Switching and all-by-sea routing commonly increases the distance and thus the round trip latency by more than 50%. For example, the round trip delay (RTD) or latency of the fastest transatlantic connections is under 60 ms, close to the theoretical optimum for an all-sea route. While in theory, a great circle route (GCP) between London and New York City is only 5,600 km (3,500 mi), this requires several land masses (Ireland, Newfoundland, Prince Edward Island and the isthmus connecting New Brunswick to Nova Scotia) to be traversed, as well as the extremely tidal Bay of Fundy and a land route along Massachusetts' north shore from Gloucester to Boston and through fairly built up areas to Manhattan itself. In theory, using this partial land route could result in round trip times below 40 ms (which is the speed of light minimum time), and not counting switching. Along routes with less land in the way, round trip times can approach speed of light minimums in the long term.
The type of optical fiber used in unrepeated and very long cables is often PCSF (pure silica core) due to its low loss of 0.172 dB per kilometer when carrying a 1550 nm wavelength laser light. The large chromatic dispersion of PCSF means that its use requires transmission and receiving equipment designed with this in mind; this property can also be used to reduce interference when transmitting multiple channels through a single fiber using wavelength division multiplexing (WDM), which allows for multiple optical carrier channels to be transmitted through a single fiber, each carrying its own information. WDM is limited by the optical bandwidth of the amplifiers used to transmit data through the cable and by the spacing between the frequencies of the optical carriers; however this minimum spacing is also limited, with the minimum spacing often being 50 GHz (0.4 nm). The use of WDM can reduce the maximum length of the cable although this can be overcome by designing equipment with this in mind.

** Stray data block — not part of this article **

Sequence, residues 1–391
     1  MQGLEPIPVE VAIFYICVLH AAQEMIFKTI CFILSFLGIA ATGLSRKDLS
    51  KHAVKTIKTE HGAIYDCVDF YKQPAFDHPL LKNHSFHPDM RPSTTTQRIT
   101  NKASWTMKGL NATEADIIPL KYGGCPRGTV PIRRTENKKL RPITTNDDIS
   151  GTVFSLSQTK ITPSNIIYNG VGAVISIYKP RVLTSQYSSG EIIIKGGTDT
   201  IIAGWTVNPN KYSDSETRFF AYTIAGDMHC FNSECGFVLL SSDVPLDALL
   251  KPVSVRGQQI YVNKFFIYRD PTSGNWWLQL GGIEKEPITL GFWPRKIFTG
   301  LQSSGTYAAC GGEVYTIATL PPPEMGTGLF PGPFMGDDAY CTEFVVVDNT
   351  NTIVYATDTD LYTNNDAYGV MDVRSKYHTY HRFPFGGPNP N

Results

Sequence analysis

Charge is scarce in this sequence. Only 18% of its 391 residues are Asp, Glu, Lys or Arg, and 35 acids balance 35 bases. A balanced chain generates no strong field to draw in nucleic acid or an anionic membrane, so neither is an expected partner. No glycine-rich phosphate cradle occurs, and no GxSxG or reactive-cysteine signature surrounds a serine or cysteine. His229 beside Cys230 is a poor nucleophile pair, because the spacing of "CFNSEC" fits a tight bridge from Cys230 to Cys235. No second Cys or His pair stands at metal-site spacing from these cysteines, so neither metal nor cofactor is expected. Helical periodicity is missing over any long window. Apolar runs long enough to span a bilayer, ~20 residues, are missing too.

Optical post amplifiers, used to increase the strength of the signal generated by the optical transmitter often use a diode-pumped erbium-doped fiber laser. The diode is often a high power 980 or 1480 nm laser diode. This setup allows for an amplification of up to +24dBm in an affordable manner. Using an erbium-ytterbium doped fiber instead allows for a gain of +33dBm, however again the amount of power that can be fed into the fiber is limited. In single carrier configurations the dominating limitation is self phase modulation induced by the Kerr effect which limits the amplification to +18 dBm per fiber. In WDM configurations the limitation due to crossphase modulation becomes predominant instead. Optical pre-amplifiers are often used to negate the thermal noise of the receiver. Pumping the pre-amplifier with a 980 nm laser leads to a noise of at most 3.5 dB, with a noise of 5 dB usually obtained with a 1480 nm laser. The noise has to be filtered using optical filters.
Raman amplification can be used to extend the reach or the capacity of an unrepeatered cable, by launching 2 frequencies into a single fiber; one carrying data signals at 1550 nm, and the other pumping them at 1450 nm. Launching a pump frequency (pump laser light) at a power of just one watt leads to an increase in reach of 45 km or a 6-fold increase in capacity.
Another way to increase the reach of a cable is by using unpowered repeaters called remote optical pre-amplifiers (ROPAs); these still make a cable count as unrepeatered since the repeaters do not require electrical power but they do require a pump laser light to be transmitted alongside the data carried by the cable; the pump light and the data are often transmitted in physically separate fibers. The ROPA contains a doped fiber that uses the pump light (often a 1480 nm laser light) to amplify the data signals carried on the rest of the fibers.